Etymology
Advertisement
variable (n.)

"quantity that can vary in value," 1816, from variable (adj.) in mathematical sense of "quantitatively indeterminate" (1710). Related: Variably; variability.

Related entries & more 
Advertisement
variable (adj.)

late 14c., of persons, "apt to change, fickle," from Old French variable "various, changeable, fickle," from Late Latin variabilis "changeable," from variare "to change" (see vary). Of weather, seasons, etc., attested from late 15c.; of stars, from 1788.

Related entries & more 
alphanumeric (adj.)

"using both letters and numbers," 1912, contracted from alphabet + numeric (see numerical).

Related entries & more 
exponential (adj.)

"of or pertaining to an exponent or exponents, involving variable exponents," 1704, from exponent + -ial. As a noun in mathematics from 1784. Related: Exponentially.

Related entries & more 
Advertisement
Cepheid (n.)

type of variable star, 1904, from Delta Cephi, the name of the first such star identified, which is in the constellation Cepheus. With -id.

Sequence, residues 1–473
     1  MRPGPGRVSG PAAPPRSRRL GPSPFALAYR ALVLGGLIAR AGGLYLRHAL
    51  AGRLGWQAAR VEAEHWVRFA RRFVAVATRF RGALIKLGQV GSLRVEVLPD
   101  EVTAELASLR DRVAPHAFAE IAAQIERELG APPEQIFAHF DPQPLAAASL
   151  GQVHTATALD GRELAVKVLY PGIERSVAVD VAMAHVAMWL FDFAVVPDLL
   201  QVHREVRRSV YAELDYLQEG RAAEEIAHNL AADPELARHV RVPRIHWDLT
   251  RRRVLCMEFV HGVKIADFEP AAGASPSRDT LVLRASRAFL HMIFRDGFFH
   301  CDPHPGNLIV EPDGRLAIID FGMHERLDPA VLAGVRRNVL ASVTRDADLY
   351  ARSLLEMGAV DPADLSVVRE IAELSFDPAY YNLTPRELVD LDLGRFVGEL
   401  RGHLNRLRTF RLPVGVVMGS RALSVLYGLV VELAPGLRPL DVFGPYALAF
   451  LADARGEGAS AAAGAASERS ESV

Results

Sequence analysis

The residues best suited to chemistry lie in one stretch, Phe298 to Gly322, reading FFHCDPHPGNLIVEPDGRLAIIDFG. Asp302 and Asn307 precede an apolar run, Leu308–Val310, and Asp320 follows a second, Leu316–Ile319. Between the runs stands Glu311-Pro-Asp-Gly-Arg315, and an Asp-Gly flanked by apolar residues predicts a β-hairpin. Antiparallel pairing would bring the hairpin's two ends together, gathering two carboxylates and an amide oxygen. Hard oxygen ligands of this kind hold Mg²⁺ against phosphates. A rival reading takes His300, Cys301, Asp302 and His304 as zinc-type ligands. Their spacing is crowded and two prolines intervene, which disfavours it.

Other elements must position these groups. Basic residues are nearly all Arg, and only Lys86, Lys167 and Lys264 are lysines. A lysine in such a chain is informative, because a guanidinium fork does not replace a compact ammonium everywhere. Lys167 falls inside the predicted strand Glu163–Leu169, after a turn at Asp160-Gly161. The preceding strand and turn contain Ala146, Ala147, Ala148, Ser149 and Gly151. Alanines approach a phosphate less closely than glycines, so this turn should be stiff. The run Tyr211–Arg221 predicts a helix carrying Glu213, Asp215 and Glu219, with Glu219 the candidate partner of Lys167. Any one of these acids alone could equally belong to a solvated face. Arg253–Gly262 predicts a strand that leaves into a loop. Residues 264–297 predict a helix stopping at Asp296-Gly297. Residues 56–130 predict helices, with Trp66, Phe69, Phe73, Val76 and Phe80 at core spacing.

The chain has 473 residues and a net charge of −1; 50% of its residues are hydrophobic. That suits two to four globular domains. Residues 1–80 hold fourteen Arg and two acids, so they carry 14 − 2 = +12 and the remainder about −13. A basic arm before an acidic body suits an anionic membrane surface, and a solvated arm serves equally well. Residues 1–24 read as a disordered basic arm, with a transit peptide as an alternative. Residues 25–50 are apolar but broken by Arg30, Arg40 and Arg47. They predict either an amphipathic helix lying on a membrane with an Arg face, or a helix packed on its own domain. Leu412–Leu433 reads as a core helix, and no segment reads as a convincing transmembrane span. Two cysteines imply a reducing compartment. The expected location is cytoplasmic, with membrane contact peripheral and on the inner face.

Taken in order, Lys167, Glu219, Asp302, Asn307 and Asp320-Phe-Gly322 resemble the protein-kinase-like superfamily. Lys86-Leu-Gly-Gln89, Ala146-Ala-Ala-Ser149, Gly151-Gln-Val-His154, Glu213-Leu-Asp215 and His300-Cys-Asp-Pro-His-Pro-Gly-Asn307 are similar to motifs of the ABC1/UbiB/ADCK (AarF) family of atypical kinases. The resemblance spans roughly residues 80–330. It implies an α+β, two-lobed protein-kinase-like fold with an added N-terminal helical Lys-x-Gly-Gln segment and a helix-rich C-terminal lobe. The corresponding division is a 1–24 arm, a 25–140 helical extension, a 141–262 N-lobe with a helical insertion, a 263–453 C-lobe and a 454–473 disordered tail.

Related entries & more 
invariable (adj.)

"constant, uniform, unchanging," early 15c., from Old French invariable (14c.) and directly from Medieval Latin invariabilis, from in- "not, opposite of" (see in- (1)) + variabilis "changeable" (see variable). Related: Invariably.

Related entries & more 
vector (n.)

"quantity having magnitude and direction," 1846; earlier "line joining a fixed point and a variable point," 1704, from Latin vector "one who carries or conveys, carrier" (also "one who rides"), agent noun from past-participle stem of vehere "carry, convey" (from PIE root *wegh- "to go, move, transport in a vehicle"). Related: Vectorial.

Related entries & more 
inconstant (adj.)

c. 1400, "fickle, not steadfast," from Old French inconstant "variable, eccentric" (14c.), from Latin inconstantem (nominative inconstans) "changeable, fickle, capricious," from in- "not, opposite of, without" (see in- (1)) + constantem (see constant). Related: Inconstantly.

Related entries & more 
Protean (adj.)

"of or pertaining to the Greek sea-god Proteus," 1590s, from Greek Prōteus, son of Oceanus and Tethys, who could change his form at will; hence, "readily assuming different shapes, exceedingly variable." His name is literally "first," from prōtos "first" (see proto-).

Related entries & more